Another way to go about consolidating your credit card debt is to opt to stop using your cards and paying for things using cash instead. Doing this will give you space to set aside a portion of your monthly income to pay off card balances, one at a time. Once you have paid off all your cards, choose one and come up with a plan on how to use it responsibly.
How To Consolidate Your Bills
Bill and debt consolidation requires persistence, patience, and some organizational skills. Start by gathering your bills for things like utilities, credit cards, cell phones and medical amongst other things and summing them up. Add the total owed to your unsecured debt. Once you have done this, determine how much you can pay off comfortably on a monthly basis while still having enough money to pay for basics like transportation, food, and rent.
Once you have the number, decide on which option between a debt management program, debt settlement, or personal loan will offer you the best chance to eliminate your debt. It is important to note that this process usually takes between 3 to 5 years. There aren’t any easy fixes when it comes to debt consolidation.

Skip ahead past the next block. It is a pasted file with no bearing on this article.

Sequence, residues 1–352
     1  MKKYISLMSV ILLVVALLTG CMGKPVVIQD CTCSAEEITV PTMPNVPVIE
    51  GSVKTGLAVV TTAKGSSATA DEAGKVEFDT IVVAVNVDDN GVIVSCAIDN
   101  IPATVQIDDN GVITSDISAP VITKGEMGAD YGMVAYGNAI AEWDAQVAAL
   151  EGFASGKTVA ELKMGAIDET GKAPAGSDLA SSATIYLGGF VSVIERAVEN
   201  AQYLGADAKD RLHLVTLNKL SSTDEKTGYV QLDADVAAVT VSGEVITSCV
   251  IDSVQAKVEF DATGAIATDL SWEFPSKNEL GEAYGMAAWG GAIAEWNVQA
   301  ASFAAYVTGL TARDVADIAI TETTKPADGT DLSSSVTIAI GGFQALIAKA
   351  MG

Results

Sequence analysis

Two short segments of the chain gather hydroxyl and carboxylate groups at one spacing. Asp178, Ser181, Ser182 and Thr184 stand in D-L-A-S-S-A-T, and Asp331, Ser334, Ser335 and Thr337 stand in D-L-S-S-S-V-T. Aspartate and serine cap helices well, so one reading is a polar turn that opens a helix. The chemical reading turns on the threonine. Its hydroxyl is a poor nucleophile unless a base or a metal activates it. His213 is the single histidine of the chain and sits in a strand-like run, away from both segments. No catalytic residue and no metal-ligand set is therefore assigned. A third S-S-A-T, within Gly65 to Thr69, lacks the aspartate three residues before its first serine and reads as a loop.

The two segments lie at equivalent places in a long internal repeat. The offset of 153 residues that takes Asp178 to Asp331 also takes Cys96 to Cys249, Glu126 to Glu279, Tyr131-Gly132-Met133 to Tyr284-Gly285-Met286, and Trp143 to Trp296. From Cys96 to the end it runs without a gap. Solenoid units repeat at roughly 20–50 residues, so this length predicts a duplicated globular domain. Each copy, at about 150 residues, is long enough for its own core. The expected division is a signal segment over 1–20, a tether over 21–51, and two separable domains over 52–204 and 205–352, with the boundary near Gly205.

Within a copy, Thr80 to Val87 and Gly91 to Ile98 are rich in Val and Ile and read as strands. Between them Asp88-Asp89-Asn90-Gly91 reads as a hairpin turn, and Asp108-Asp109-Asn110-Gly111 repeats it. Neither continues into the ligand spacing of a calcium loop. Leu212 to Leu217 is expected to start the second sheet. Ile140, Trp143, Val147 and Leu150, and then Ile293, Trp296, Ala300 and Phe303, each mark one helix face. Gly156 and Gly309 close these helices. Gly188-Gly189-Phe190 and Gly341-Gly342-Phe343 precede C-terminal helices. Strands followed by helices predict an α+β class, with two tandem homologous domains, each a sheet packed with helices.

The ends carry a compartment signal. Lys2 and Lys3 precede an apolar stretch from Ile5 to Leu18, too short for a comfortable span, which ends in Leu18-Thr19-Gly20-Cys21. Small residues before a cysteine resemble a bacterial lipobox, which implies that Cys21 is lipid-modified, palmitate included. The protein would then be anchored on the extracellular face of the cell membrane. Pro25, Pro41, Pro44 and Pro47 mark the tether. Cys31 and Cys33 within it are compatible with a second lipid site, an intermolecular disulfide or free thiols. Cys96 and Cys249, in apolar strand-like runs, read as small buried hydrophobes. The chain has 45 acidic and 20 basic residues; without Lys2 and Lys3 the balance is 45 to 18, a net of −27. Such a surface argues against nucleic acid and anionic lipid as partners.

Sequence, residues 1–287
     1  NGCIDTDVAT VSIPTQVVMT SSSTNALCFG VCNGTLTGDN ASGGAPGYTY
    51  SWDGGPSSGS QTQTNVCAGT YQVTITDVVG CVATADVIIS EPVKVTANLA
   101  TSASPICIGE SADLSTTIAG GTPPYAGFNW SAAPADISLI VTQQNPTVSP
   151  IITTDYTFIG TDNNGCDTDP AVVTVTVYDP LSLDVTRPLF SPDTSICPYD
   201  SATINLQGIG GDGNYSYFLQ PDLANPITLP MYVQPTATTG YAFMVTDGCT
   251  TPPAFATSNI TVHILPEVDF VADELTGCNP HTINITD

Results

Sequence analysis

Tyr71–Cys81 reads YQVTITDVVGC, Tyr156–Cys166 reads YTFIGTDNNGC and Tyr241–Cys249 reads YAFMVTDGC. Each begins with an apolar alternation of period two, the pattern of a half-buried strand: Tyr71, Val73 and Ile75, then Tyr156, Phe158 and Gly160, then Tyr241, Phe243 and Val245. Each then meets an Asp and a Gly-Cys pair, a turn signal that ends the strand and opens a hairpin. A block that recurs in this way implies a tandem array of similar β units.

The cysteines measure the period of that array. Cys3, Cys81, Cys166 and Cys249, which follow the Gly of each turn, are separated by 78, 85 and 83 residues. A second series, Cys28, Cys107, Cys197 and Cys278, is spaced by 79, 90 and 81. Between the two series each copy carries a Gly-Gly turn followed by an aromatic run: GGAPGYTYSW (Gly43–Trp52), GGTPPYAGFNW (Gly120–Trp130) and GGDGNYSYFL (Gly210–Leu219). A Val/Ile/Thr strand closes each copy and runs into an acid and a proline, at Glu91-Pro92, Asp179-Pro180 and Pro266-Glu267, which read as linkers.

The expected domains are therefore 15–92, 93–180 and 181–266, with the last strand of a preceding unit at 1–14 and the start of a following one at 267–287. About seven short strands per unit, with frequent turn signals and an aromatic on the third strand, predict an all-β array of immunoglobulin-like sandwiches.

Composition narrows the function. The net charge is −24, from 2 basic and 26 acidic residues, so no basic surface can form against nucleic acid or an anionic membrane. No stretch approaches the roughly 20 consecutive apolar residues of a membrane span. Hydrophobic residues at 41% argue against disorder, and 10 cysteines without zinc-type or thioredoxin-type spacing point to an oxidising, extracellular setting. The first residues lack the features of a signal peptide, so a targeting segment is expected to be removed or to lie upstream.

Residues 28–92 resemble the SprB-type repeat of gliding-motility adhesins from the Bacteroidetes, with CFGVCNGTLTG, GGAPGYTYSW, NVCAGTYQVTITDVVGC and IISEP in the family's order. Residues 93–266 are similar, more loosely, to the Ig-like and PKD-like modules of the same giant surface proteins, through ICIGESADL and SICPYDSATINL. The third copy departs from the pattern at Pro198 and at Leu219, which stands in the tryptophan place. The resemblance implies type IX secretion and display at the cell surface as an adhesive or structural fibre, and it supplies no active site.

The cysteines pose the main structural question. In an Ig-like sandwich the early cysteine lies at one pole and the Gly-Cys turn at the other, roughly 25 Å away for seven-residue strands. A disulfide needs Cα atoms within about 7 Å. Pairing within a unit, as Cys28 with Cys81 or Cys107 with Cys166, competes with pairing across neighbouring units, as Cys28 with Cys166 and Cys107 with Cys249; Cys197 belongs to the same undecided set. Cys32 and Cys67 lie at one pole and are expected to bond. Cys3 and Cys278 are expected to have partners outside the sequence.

When Not To Go For Debt Consolidation
Debt consolidation is one of the best ways of simplifying your bill payment process, however, depending on the approach you choose, be it the secured personal loan, debt settlement, or balance transfer on a credit card approach, there are reasons why this option may not be a good one for some people.
If for instance, you opt to pay off your credit card debt by opting for a 0% interest balance transfer to a new credit card but continue to use the new 0% interest rate credit card the same way you did the old one, then you enter into even more debt.
If you go for debt settlement, then it is important to note that your credit score will suffer a severe blow, a hit that could last up to seven years; making it very hard for you to get loans for a home or car during that period. At the same time, this could lead to the spiking of interest rates for any new credit cards you obtain. However, of all options available, using a secured loan as a means to consolidate your bills could be riskiest. While putting your car or home up as security could offer you better interest rates, any missed payments could leave you in danger of losing the home or car.
For debt consolidation to be effective, it is imperative that you calculate the number of payments you will be required to make and the amount of interest that will be included in this payment. This is important if your main aim is to reduce, and eventually, eliminate the debt. At the same time, doing this will help you determine if the money and time involved are lesser than doing things the way you have been so far. Honestly, it is not going to be easy. However, if you aren’t committed to changing the habits that got you into the financial rut you are in, then your efforts to consolidate your debt could end up worsening things for you.